Improving Your Credit Score Right Now
Being right on the threshold with a 650 credit score requires taking a few steps to improve your credit score immediately. Thankfully, there are steps that you can take today that will boost your credit score more than a few points. While these aren’t miracle cures for a confusing credit situation, they can help you get the kind of score you need to get a high-quality car.
These tips can also help to set you up with a long-term plan for managing your credit. It is never too late to start carefully addressing this financial situation and to take steps to pull your credit out of the fair range and into the good.
Start With a Free Credit Report
You have probably seen or heard advertisements for free credit reports. While these ads can be a little cheesy, they are showcasing a valuable service.
Checking your credit score can help improve your rate by helping you spot errors and mistakes that decrease your score. You can dispute these errors and improve your rate quickly and efficiently.
After checking your score, make sure that you sign up with a credit tracking company that will spot potential errors and work to address them. What is particularly lovely about this step is that most credit bureaus are likely to boost your score by a point or two just because you checked.
That’s because they see that you are taking it more seriously and are looking to manage your credit.
Make Your Payments on Time
We really can’t stress this point enough. When you make your payments on time, you show lenders that you are a trustworthy and reliable person. You also showcase that you are capable of handling your finances without difficulty. We also suggest setting up payment reminders. This step is particularly useful because these reminders will let you know when your payment is due and help you avoid mistakes.
Even better, most companies will let you set up an automatic payment cycle. We suggest creating one with a payment that is worth more than your minimum payment. Paying at least $50-$100 more than your minimum amount shows lenders you are financially stable, improves your credit score and pays debts off more quickly. It also saves you money over the life of that loan.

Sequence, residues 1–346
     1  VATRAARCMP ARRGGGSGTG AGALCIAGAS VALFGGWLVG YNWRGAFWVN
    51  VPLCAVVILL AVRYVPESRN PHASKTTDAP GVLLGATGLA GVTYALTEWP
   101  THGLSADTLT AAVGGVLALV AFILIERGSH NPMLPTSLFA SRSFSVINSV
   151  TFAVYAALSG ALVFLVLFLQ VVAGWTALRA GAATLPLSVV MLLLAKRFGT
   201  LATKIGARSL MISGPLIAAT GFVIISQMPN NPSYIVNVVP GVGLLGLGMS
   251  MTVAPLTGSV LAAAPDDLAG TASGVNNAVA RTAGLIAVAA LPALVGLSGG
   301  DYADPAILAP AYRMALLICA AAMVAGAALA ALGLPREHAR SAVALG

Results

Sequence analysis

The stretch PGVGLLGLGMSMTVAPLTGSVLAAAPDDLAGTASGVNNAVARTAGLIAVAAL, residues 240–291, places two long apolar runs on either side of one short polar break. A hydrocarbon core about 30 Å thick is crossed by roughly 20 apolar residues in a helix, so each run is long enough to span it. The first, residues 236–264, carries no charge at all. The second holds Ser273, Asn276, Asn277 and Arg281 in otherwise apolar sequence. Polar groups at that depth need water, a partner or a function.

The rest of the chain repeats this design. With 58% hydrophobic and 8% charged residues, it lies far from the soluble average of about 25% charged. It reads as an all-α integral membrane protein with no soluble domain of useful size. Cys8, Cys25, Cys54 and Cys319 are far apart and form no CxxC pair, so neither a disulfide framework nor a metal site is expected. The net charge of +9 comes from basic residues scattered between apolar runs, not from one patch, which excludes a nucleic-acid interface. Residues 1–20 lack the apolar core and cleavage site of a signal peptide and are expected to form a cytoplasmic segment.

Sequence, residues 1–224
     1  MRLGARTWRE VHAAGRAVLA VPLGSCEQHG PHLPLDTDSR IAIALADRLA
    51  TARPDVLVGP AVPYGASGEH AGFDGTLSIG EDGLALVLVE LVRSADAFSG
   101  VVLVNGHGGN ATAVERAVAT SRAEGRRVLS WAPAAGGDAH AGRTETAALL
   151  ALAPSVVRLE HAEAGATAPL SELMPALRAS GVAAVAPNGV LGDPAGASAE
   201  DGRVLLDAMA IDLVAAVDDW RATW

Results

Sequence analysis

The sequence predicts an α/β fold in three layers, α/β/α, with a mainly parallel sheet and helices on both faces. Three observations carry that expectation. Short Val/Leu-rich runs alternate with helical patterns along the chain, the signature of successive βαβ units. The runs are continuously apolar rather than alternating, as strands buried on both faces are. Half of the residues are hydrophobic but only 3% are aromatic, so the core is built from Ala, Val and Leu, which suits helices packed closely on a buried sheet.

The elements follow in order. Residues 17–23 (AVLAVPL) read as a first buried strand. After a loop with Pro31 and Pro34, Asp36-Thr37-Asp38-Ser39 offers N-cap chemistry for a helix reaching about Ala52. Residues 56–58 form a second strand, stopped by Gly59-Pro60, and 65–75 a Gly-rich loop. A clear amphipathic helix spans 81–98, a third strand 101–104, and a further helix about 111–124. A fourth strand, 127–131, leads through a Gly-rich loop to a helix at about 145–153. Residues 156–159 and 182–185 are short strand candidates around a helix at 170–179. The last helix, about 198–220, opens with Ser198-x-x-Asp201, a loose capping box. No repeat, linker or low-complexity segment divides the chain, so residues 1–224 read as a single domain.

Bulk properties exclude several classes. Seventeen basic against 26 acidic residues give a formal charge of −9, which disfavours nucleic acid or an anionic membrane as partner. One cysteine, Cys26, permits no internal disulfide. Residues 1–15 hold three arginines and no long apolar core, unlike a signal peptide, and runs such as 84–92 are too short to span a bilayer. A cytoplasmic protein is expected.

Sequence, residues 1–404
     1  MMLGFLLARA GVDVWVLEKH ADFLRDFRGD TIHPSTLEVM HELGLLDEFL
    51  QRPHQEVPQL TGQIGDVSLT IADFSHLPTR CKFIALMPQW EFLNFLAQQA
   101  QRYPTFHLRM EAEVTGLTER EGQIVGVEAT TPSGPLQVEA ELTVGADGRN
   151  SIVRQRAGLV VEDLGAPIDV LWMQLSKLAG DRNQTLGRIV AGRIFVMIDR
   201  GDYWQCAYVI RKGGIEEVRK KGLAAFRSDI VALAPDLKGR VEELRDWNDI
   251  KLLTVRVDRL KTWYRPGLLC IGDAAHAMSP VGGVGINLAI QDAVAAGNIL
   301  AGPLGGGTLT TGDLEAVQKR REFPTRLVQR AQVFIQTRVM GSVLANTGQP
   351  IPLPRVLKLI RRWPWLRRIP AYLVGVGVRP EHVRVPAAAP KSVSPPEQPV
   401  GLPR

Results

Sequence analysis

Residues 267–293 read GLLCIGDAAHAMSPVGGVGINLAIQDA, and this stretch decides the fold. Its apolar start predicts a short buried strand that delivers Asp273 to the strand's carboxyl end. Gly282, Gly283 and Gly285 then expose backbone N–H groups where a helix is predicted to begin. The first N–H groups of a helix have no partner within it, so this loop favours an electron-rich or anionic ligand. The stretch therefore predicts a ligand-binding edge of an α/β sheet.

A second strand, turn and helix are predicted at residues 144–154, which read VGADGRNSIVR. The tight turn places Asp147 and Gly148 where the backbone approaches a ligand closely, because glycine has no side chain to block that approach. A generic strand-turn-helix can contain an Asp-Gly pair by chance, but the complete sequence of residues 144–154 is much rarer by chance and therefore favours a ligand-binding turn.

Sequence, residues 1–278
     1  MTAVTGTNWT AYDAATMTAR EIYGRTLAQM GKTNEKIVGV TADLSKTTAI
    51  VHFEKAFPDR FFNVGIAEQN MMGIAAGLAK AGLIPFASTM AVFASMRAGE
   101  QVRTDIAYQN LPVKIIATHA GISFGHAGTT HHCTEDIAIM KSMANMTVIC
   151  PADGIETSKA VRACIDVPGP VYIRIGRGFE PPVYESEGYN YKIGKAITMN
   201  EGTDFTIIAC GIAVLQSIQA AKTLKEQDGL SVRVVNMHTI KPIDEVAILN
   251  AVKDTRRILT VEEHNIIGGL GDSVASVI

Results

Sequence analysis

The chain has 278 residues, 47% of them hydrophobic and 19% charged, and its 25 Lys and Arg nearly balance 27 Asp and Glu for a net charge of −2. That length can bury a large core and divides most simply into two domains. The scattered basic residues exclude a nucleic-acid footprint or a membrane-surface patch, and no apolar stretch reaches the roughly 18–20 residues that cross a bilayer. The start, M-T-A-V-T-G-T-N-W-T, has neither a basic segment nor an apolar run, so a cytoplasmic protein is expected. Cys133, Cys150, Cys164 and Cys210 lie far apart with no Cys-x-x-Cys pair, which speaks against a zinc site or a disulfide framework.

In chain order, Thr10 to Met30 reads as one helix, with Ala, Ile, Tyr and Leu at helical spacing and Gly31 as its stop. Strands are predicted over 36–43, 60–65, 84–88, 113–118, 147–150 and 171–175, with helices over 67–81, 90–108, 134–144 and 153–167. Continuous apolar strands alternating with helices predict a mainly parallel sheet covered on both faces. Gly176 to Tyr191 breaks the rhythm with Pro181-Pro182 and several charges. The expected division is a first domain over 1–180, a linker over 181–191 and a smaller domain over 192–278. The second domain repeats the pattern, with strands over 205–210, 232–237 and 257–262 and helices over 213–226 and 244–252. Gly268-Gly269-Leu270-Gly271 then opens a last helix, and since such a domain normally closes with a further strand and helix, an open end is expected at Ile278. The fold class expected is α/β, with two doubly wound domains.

Reduce What You Owe
If you have a nest egg saved up, use it to pay off some credit cards and other types of debt. While it might be hard to see your savings dry up a little, it is an important decision. That’s because you will reduce your amount of debt and increase your available credit. This step will boost your credit score and impress lenders by showing your financial stability.
Even if you can’t pay all of your debts off like this right away, set up a payment plan that dramatically reduces your liability, we already discussed paying more than your minimum payment. However, it is essential to focus this higher payment on higher-interest cards. Pay these off first and then move on to others to reduce your debt significantly.
Long-Range Credit Management Tips
While the tips above are the quickest way to improve your credit score, you need to invest in a long-range plan for improving your credit. The following tips are typically the most effective:
- Decrease your number of credit cards by focusing debt on a few accounts.
- Only open a new credit card when necessary.
- Talk to a credit counselor to get your affairs in order.
- Consider a consolidated loan to focus your credit in one spot.
- Understand that a closed credit account doesn’t go away — it stays on your score for at least seven years.
- Make sure that you continually work to pay your bills on time.
These simple tips are steps that just about anybody can manage. We strongly suggest talking to a credit counselor if you are at the 650 credit range. They can help you take steps to avoid dropping below this rate and can boost your score more quickly than you could on your own. This decision can help you get the dream car you’ve desired all these years.
Working With a 650 Credit Score
The tips above should help your credit score poke out of the 650 range and into a more impressive one. At this point, you should have less difficulty getting an auto loan that meets your needs and provides you with the kind of vehicle you need to live your life. However, your score may hover around 650 based on other factors that are harder to control.
As a result, you need to be ready to work with your auto lender and find ways to compromise on your loan. You may be able to haggle the interest rate down a little bit by spending more on a down payment. This step will impress a lender and make them more likely to decrease your interest rate. It can also lower your payments and reduce your repayment cycle.
You may also want to consider investing in a car that isn’t quite your dream model. Everybody has that dream car that meets all of their needs. While you deserve that kind of car, you might not be able to afford it with a 650 credit score right now. However, that doesn’t mean you can’t get it in the future. Buy a car that you can afford and make all of your payments on time for several years.
This process will slowly, but inevitably, increase your credit score out of the 650 range. Even better, it will affect your auto FICO score and make dealers more likely to work with you on a car. After about three or four years of on-time payments, your score should improve enough to make it easier for you to buy that dream car you’ve always wanted.
Patience is critical when buying a car and managing your base and auto FICO scores. While the tips above will improve your credit, sustained investment in long-term improvement is essential for breaking out of the 650 credit range and getting the kind of cars that you deserve. Don’t hesitate to talk to a car loan specialist to learn more about this process.
Originally published at https://yourmoneygeek.com on September 5, 2019.